Jordan upgrades diplomatic ties with Syria

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The Jordanian embassy in Damascus. (Petra)
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The UAE embassy in Damascus was reopened last month. (AP)
Updated 23 January 2019
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Jordan upgrades diplomatic ties with Syria

  • Some Arab countries have been looking to improve relations with Bashar Al-Assad's regime
  • Jordan recalled its ambassador in 2011 but diplomatic ties were never fully severed

JEDDAH: Jordan has appointed a chargé d'affaires to Syria in an upgrade of diplomatic ties.

An unamed Jordanian diplomat with the ranking of advisor will begin work again at the Jordanian embassy in Damascus, a foreign ministry spokesman said. "The decision is inline with the Jordanian stance since the Syrian revolution erupted in 2011," he said.

The decision is the latest move from Arab countries to improve relations with Bashar Al-Assad's government, which was ostracized by many countries in the region when the Syrian war started in 2011.

Last month, the UAE reaopened its embassy in Damascus after seven years and there has been speculation that Syria will be allowed back into the Arab league after it was kicked out in 2011. Bahrain  also plans to reopen its embassy in the Syrian capital.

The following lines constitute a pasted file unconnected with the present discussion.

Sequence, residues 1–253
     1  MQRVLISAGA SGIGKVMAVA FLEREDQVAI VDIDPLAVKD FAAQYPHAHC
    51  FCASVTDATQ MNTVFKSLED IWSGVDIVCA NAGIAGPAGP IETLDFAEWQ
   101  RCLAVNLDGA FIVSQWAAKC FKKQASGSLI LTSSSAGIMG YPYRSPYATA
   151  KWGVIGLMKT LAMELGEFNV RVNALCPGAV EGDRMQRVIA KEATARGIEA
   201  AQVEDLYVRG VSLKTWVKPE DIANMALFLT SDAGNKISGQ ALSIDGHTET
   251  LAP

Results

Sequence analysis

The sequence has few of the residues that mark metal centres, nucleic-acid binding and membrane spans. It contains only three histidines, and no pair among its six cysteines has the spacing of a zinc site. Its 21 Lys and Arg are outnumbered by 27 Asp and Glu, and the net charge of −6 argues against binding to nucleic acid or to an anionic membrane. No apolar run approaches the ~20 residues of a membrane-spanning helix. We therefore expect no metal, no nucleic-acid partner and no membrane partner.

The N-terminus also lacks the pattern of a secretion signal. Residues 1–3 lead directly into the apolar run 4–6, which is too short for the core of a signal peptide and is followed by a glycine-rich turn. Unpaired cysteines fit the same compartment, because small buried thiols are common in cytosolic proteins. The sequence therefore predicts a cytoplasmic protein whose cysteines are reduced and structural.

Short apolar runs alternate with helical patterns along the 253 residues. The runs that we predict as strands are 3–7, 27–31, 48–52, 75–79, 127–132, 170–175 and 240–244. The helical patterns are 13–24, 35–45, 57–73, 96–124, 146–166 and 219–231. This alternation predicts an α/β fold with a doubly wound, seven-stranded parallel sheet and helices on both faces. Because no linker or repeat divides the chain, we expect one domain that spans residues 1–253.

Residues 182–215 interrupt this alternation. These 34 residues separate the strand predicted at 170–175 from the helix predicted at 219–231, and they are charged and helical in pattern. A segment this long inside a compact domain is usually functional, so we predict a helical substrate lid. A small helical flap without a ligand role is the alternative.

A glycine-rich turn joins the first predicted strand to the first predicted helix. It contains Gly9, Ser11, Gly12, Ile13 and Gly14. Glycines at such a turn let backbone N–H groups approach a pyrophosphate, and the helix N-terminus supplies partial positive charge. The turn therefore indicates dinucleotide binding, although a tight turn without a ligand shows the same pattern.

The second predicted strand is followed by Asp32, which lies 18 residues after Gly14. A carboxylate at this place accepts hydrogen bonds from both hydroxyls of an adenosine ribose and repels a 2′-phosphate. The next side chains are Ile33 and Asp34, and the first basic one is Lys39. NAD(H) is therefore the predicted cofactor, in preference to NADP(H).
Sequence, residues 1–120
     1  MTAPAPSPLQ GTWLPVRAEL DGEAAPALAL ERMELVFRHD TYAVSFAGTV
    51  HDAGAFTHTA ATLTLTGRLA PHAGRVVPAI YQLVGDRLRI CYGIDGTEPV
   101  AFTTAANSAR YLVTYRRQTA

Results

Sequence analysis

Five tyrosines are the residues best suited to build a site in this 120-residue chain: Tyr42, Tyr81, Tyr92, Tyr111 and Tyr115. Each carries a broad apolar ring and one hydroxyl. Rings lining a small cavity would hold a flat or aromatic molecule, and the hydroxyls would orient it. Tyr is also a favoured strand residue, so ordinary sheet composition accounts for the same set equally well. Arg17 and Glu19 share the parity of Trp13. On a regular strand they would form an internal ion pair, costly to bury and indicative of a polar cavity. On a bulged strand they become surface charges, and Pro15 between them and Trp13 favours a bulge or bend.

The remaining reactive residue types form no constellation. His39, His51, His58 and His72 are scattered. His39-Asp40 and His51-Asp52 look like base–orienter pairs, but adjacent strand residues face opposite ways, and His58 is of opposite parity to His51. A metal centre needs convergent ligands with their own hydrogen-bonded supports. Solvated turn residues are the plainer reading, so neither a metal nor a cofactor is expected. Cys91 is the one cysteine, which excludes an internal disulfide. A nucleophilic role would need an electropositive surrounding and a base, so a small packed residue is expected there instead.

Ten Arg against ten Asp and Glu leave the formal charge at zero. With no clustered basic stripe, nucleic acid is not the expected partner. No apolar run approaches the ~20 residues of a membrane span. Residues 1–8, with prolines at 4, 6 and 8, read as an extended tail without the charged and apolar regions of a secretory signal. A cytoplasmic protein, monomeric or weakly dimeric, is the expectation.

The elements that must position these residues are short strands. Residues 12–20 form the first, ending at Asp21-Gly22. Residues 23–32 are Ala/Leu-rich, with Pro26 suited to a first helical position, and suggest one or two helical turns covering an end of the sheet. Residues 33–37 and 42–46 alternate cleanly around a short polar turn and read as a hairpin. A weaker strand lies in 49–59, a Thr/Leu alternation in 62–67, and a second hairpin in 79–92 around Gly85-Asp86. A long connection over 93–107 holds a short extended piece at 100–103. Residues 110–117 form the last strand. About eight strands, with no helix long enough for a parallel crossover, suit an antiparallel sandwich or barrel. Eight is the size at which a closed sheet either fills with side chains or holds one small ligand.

Sudan president, Omar Al-Bashir, became the first Arab leader to visit Damascus when he traveled there in December.

Jordan recalled its ambassador in 2011 but diplomatic ties were never fully severed, despite Amman's support for some rebel groups fighting Assad's forces.

In recent months there have been signs of an improvement in relations. In October, Jordan reopened a border crossing with Syria that had been closed for three years. The route once carried billions of dollars of trade each year. 

In November, a delegation of Jordanian MPs traveled to Damascus and met Assad in a visit to discuss ways to improve relations.


UN urges resolving fate of 2,500 foreign children at Syria camp

Updated 18 April 2019
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UN urges resolving fate of 2,500 foreign children at Syria camp

GENEVA: A senior United Nations relief official called on governments on Thursday to help resolve the fate of 2,500 foreign children being held among 75,000 people at Al-Hol camp in northeastern Syria after fleeing Daesh's last stronghold.
"Children should be treated first and foremost as victims. Any solutions must be decided on the basis of the best interest of the child," Panos Moumtzis, UN regional humanitarian coordinator for the Syria crisis, told a Geneva briefing.
Solutions must be found "irrespective of children's age, sex or any perceived family affiliation", he said.